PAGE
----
> > >> > # HG changeset patch
> > >> > # User Matt Harbison <matt_harbison@yahoo.com>
> > >> > # Date 1490327243 14400
> > >> > #      Thu Mar 23 23:47:23 2017 -0400
> > >> > # Node ID c053dc8a24afad24872397e5cd3f57411fc7d172
> > >> > # Parent  d0c2db2d9f13dca534c598de050eb1919ef79059
> > >> > repair: use context manager for lock management
> > >>
> > >> Sure. Queued this, thanks.
> > >>
> > >> > I found several other instances of acquiring the lock inside of the
> > >> 'try', but
> > >> > those finally blocks handle None references.  I also started
> switching
> > >> some
> > >> > trivial try/finally blocks to context managers, but didn't get them
> > >> all
> > >> because
> > >> > indenting over 3x for lock, wlock and transaction would have spilled
> > >> over 80
> > >> > characters.  That got me wondering if there should be a
> repo.rwlock(),
> > >> to handle
> > >> > locking and unlocking in the proper order.
>
> Just nitpicking. The name "rwlock" would be misleading since both locks are
> for writing.
>

Derp. Naming things is hard.


>
> > >> We have lockmod.release() helper. We also have util.ctxmanager(), but
> > >> IMHO
> > >> it
> > >> doesn't improve code readability that much.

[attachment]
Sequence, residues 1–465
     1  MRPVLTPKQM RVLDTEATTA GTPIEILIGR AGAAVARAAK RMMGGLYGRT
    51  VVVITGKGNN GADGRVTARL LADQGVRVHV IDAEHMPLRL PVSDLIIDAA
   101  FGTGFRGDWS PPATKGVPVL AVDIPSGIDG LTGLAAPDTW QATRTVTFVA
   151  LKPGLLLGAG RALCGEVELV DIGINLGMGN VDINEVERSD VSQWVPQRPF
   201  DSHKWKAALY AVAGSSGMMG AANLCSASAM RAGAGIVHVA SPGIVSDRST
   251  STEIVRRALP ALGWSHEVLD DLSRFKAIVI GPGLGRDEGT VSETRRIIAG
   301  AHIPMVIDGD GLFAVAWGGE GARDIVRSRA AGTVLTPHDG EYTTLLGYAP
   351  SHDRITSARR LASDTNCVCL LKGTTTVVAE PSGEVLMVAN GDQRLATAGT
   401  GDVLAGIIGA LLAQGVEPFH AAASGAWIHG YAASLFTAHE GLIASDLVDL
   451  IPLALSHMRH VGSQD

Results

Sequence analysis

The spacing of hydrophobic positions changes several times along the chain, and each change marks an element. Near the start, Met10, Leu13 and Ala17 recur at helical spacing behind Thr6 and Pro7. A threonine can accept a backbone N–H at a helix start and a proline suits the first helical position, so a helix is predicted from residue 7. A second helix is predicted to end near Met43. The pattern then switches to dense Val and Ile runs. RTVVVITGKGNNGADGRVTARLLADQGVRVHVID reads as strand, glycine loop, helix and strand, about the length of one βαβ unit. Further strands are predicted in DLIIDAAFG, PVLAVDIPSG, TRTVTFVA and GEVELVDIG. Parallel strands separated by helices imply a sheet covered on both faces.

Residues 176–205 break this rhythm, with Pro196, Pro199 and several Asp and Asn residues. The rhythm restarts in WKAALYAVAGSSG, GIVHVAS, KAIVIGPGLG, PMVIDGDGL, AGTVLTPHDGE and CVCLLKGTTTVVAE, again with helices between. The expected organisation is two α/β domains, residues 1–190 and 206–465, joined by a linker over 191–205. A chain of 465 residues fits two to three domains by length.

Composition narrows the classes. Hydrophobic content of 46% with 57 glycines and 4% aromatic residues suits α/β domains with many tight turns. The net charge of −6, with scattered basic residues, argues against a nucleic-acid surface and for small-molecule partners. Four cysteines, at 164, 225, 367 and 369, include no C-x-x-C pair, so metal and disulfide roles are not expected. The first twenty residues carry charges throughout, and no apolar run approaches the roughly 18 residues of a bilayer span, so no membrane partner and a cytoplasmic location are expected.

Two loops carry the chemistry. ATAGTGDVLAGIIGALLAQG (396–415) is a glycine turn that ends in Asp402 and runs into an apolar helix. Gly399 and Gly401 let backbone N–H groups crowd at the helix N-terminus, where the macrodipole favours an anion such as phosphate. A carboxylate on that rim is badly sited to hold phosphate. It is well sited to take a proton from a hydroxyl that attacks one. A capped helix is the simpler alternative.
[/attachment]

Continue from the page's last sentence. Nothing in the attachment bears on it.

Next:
> > >>
> > >> > It also looks like py27 supports supports multiple context managers
> > >> for
> > >> a single
> > >> > 'with' statement.  Should I hold off on the rest until py26 is
> > >> dropped?
> > >>
> > >
> > > I think there is room for a helper context manager (like repo.rwlock())
> > > that obtains multiple locks and/or a transaction. This would cut down
> on
> > > a
> > > lot of excessive indentation while simultaneously ensuring we're doing
> > > the
> > > correct thing with regards to locking and transaction semantics.
> >
> > The excessive indentation is why I raised the issue.  I went looking for
> > how to use util.ctxmanager, and can't find a single usage instance in the
> > entire history.  I went back to the ML, and it seems like mpm ruled out